This week, the male students from the CNX Foundation Mentorship Academy toured the Eaton Power Systems Experience Center (PSEC). This week’s visit to PSEC followed the female class’ visit earlier this month. We once again thank our hosts Eaton, Ferry Electric, and the International Brotherhood of Electrical Workers (IBEW) Local 5.
Dan Carnovale of Eaton and team once again delivered an impactful day of hands-on experiences for the students; illustrating the type of work and technologies encountered in the power industry and electrical fields. I thought tour hosts couldn’t exceed the female class experience, but I was proved wrong. And glad for it.
The second visit to the Experience Center got me reflecting on our prior site visits and a consistent, common theme that has developed.
Through the Mentorship Academy program, we heard from Steamfitters Local 449, Iron Workers Local 3, Carpenters Local 432, Shell, Community College of Beaver County, Deep Well Services, Evolution, IBEW Local 5, Eaton, and Ferry Electric. Very different enterprises and organizations, but all resonating a singular message.
That message is powerful: a student graduating high school with decent grades and not desiring to attend college can fill out an application, perhaps pay a nominal $25 filing fee, prepare for and take an assessment exam and/or interview, and then enter an apprenticeship/training program where they immediately start earning money.
When the apprenticeship or training program is completed, the individual begins to earn a family-sustaining wage and is well on their way to a challenging career and financial independence. The time required to reach this status might be as short as a few weeks to as long as a few years, but the rewards are consistently striking: high hourly wage rates, generous overtime rates, 401k plans, healthcare, and tuition reimbursement for those looking to attend college while working. All in, the total compensation package for most of these professions is above $100,000 a year.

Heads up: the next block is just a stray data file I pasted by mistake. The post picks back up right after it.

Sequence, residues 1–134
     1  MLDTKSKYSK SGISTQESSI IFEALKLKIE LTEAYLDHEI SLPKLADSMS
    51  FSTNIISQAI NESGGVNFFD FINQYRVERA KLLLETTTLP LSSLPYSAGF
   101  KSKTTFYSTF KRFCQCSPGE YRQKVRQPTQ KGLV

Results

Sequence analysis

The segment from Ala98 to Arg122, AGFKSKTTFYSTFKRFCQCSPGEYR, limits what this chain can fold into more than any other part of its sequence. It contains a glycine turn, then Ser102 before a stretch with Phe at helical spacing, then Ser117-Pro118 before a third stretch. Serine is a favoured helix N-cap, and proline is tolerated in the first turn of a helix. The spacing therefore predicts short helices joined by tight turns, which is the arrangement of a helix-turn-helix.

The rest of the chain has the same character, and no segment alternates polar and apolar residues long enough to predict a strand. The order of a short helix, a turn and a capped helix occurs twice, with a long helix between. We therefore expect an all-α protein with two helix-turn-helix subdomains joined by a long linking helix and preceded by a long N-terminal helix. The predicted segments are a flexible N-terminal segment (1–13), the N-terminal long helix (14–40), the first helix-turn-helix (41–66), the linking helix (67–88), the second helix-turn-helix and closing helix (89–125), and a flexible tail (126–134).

Better yet, every site, company, building trade, and institution we’ve visited are all eager to hire the next generation of workers to drive their effort. The path is established, the money and opportunities are there, and the job openings need filled.
And best of all, each of these career paths offer advancement into related but higher levels of responsibility, whether it be salaried positions in management or design/supervisory roles in operations. All kinds of options to choose from in how one’s career path unfolds.
This is an awesome and massive opportunity for the students in the Mentorship Academy. So, we are pivoting toward resume building, deeper dives via job shadowing, and interview/exam prep. By the time summer rolls around, Academy students are going to enter the workforce prepared.
There is one final thought when reflecting on the Mentorship Academy to date. Why aren’t these realities more well known throughout our region, our schools, our communities, and our minds? Where is the beating of the drum when it comes to our regional leaders vocalizing these lucrative professional paths for our young adults? It’s especially perplexing considering that the eternally promoted path of a college degree in a non-STEM field simply cannot compete economically.
The middle class is calling. Let’s answer the call.
Visit eaton.com to learn more about Eaton, and follow them on Twitter at @eatoncorp, at @ETN_Electrical, and on Facebook and on YouTube.